CSU chief Markus Söder has fueled speculation about a new filling of ministerial posts in Berlin and has not ruled out a change of CSU ministers in the federal government. The party must show in some places beyond the content "that our claim will go beyond 2021," said the Prime Minister of Bavaria during the exam of the CSU parliamentary group in the Upper Bavarian Seeon monastery.
For an election to be successful, it is crucial to generate more momentum, said Söder: "I will make my contribution as CSU boss alongside the reorganization of the content." This includes the need for additional personnel. "The survey values of individual people are always a yardstick for us," said the Bavarian Prime Minister.
The Augsburger Allgemeine reported that the CSU chief wanted to exchange Federal Minister of Transport Andreas Scheuer and Minister of the Interior Horst Seehofer. "Both are only a burden for the CSU," quotes the newspaper from party circles.
Encouragement for scouring drops to 16 percent
According to reports, however, it has not yet been decided when a cabinet reshuffle in the federal government could actually take place. The new CSU ministers would need enough time to generate new momentum for the upcoming Bundestag election, which is due in 2021 at the latest. It can be heard from the CSU that the development in the surveys will only partially determine the timing.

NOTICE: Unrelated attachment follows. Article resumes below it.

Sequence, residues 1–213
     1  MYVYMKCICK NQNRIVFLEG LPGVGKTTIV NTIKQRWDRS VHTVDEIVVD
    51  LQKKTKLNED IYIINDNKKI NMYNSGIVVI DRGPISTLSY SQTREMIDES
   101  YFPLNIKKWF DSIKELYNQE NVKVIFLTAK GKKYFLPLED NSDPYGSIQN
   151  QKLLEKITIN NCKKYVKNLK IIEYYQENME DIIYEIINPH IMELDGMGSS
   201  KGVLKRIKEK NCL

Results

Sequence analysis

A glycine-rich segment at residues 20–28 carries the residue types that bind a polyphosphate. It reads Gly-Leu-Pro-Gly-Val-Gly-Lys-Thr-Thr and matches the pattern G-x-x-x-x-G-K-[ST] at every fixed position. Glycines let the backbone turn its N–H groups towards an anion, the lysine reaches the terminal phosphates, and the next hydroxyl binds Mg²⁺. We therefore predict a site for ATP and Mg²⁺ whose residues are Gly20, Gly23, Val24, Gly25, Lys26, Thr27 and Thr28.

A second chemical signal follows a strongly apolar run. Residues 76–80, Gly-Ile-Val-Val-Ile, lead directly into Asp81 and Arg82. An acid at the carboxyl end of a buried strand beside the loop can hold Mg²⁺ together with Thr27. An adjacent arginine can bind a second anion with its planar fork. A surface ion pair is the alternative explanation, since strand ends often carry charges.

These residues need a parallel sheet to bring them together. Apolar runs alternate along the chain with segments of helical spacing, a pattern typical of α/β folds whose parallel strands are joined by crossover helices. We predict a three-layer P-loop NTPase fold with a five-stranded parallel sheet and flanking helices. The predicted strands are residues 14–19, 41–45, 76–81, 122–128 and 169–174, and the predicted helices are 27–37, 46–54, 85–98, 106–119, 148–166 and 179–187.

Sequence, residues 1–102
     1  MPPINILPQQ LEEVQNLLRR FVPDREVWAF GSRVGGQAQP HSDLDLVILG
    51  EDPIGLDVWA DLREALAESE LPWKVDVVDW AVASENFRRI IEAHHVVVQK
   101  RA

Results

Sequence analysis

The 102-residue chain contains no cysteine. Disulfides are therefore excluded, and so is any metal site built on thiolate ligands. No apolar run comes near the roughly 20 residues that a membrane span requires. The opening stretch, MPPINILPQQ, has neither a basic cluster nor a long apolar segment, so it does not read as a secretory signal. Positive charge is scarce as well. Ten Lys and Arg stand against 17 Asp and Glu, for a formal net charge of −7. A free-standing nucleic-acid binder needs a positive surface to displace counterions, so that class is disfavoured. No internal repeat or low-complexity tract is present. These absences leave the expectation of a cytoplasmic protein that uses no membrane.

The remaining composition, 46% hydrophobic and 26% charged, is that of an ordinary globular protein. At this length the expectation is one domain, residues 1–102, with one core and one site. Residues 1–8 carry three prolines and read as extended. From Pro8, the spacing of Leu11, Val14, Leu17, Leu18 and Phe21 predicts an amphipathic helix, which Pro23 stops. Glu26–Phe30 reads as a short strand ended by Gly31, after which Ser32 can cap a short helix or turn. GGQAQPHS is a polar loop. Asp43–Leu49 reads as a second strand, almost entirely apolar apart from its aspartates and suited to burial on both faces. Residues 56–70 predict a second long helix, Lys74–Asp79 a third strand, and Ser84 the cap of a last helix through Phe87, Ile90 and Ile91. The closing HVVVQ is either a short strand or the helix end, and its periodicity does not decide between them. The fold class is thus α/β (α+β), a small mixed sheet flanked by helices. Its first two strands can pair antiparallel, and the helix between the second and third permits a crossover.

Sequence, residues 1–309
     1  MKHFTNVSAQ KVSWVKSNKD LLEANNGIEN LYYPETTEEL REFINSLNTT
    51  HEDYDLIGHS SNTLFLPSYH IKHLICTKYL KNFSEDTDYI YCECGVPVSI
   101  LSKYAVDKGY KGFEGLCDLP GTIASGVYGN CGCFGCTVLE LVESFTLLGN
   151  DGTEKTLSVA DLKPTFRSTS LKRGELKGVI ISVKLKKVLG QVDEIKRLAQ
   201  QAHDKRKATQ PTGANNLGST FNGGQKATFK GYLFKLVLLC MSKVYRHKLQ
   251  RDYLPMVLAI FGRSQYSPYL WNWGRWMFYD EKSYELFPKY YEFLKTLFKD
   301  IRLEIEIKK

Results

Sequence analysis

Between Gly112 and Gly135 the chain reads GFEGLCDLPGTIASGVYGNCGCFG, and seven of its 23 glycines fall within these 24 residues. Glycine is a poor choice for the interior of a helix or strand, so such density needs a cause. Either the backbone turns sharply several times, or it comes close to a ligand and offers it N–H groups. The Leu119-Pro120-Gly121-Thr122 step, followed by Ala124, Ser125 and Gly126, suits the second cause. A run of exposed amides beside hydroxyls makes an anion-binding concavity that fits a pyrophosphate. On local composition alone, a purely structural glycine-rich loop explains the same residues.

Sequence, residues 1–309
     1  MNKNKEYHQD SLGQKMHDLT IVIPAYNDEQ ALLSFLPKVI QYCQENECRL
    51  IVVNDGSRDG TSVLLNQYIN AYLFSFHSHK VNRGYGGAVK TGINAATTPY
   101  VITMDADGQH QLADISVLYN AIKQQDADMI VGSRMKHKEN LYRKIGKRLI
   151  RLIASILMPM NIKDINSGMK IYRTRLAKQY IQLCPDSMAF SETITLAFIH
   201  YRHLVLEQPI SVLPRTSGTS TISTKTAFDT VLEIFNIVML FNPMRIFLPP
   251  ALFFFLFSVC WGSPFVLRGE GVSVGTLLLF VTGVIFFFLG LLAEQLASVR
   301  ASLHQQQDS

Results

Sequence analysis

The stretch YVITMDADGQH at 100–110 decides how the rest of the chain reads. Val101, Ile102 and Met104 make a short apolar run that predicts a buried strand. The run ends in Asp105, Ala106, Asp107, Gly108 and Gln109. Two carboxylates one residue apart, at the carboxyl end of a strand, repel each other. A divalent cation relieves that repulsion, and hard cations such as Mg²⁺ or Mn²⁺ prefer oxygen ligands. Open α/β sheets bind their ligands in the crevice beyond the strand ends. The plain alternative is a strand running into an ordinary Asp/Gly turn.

A survey published by the Bavarian Radio on Wednesday had shown that Bavaria was very dissatisfied with the three CSU ministers in the federal government. Federal Transport Minister Andreas Scheuer is at the bottom, who only gets 16 percent approval and is also responsible for the toll debacle in an investigation committee. Development Minister Gerd Müller did slightly better with 27 percent and Federal Interior Minister Horst Seehofer with 39 percent. Scheuer is the only one that is mostly critically evaluated by CSU supporters. 52 percent of Bavaria are in favor of a reshuffle.
The party leaders therefore make federal politics above all responsible for the 36 percent survey value of the CSU in Bavaria: "This survey is a clear average of the political situation in the federal government and in Bavaria," said Secretary General Markus Blume. He referred to the high approval ratings for Söder and the state government. "It is clear to see that the challenges lie in the Federal Government. We can and must increase there." At the same time, the CSU general secretary said: "The Greens are and will remain our main competitor."
The Greens in Bavaria are now getting 25 percent approval - after 17.6 percent in the recent state election. This is followed by free voters and AfD with ten each and the SPD with seven percent.